It seems like a bit of an oxymoron to prioritize quality when you’re on a budget. But in actuality, investing in quality products can save you money in the long run. Rather than buying the cheapest items available, do research on which items will last the longest. Not only can this reduce your environmental footprint, but you’ll likely spend less money replacing cheap products. This might mean taking longer to save up for what you want, but prioritizing quality over instant gratification is almost always a solid idea.


One area that this can be especially helpful is in the items that you use every day. Consider your bedroom furniture, living room furniture, and even appliances – purchasing high-quality used items can be a sustainable choice and last longer. While a cheaper option may be okay in the short term, you’re more likely to have to replace it over and over again. 


Facilitate Passive Income


As we mentioned earlier, Roth IRAs, low-cost index funds, and other investment options can transform your pre-existing money into a more substantial nest egg. But there are other ways to make your money work for you, too —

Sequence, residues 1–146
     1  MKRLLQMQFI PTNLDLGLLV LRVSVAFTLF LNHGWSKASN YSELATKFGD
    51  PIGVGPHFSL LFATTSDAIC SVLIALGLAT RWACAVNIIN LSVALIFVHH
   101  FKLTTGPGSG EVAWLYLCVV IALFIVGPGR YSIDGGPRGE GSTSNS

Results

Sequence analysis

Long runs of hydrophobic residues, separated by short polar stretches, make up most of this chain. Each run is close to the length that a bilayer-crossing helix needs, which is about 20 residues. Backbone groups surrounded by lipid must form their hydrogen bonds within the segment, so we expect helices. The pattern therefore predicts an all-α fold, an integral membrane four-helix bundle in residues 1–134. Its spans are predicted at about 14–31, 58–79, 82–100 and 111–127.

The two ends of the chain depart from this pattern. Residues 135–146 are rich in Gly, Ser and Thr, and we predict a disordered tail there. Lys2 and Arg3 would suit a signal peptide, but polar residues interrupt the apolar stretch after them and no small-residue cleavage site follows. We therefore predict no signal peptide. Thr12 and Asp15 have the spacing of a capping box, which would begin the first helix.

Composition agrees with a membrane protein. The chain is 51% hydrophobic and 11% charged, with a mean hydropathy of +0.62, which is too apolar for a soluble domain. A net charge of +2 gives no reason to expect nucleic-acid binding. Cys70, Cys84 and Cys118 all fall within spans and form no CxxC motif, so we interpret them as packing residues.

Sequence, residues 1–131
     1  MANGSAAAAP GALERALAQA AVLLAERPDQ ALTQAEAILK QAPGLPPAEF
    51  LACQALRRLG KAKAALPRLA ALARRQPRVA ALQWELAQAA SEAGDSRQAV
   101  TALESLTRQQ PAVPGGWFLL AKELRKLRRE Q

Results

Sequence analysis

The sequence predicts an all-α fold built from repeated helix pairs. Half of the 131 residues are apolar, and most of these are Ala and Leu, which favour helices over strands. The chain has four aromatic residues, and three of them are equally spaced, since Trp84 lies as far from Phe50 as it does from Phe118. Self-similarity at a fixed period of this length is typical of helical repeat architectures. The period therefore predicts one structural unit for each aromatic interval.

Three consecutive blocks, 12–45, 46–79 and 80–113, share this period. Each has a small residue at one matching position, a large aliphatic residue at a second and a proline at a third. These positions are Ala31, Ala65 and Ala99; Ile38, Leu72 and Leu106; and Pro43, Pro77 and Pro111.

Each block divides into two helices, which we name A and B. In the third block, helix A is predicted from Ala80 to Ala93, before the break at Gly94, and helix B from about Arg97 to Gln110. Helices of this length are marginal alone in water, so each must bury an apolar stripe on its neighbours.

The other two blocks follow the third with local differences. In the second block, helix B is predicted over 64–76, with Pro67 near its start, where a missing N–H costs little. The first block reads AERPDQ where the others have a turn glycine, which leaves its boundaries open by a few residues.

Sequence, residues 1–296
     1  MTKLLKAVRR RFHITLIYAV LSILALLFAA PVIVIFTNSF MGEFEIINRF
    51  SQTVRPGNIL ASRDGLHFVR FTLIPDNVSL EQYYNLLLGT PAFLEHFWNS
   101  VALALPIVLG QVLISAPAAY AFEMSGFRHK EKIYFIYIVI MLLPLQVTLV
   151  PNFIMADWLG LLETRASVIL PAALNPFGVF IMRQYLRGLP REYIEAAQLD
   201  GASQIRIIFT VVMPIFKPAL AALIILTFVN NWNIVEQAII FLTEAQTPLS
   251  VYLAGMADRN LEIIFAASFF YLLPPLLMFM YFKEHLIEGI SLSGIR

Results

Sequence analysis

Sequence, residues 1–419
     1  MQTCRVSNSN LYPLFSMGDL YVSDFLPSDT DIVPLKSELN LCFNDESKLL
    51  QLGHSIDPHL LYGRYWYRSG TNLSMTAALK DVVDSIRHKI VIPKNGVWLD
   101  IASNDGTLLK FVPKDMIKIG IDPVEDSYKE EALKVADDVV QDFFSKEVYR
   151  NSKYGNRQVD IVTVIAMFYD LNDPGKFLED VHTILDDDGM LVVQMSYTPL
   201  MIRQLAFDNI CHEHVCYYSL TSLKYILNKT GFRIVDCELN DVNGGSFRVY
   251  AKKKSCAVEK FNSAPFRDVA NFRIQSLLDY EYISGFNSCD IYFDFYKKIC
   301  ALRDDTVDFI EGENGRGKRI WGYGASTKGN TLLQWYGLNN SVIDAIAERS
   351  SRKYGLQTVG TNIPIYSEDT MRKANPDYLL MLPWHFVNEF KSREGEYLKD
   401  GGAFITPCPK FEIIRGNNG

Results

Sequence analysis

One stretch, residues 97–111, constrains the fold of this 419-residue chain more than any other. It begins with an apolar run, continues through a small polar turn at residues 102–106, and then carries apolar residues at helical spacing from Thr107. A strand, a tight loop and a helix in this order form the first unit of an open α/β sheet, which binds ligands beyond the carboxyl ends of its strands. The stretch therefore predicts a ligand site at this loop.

• Rent Out a Room in Your House: If you recently bought a new home, you understand how quickly expenses can pile up. Fortunately, adding a roommate can help offset this new financial situation. Just be sure to evaluate the pros and cons of renting out a room before you take the plunge! 
  • Invest in Long-Term Stocks: With the advent of platforms that make investing simple, it’s easier than ever to make your money work for you. Though hiring a professional is likely still the safest way to invest, thorough research and proper portfolio diversification can help you invest on your own. 
  • Start a Side Hustle: This option may be slightly more active than passive, but starting a side hustle, like blog writing, craft making, or social media brand promotion can bring in a steady stream of income with less effort than you might think. Try to capitalize on what you enjoy doing as a hobby and turn your passion into a small, low-effort business! 


Live Comfortably on a Budget with CORT Furniture Outlet


When you’re feeling the pinch of a high cost of living and student loan payments, every dollar counts towards getting ahead and getting out from under your loans. Unfortunately, life after college comes with many unavoidable expenses, which can make you feel like you need to compromise between quality and cost.

One place you don’t have to compromise? CORT Furniture Outlet. Sometimes new furniture is an inevitable expense, but you don’t have to pick between great prices and high-quality pieces! Since CORT Furniture Outlet furniture and decor is used, we can offer it at up to 70% off retail prices. CORT Furniture Outlet pieces are inspected and cleaned by our experts so that you can know they’ll last for years to come. Shop online or in-store at your local CORT Furniture Outlet for products available now!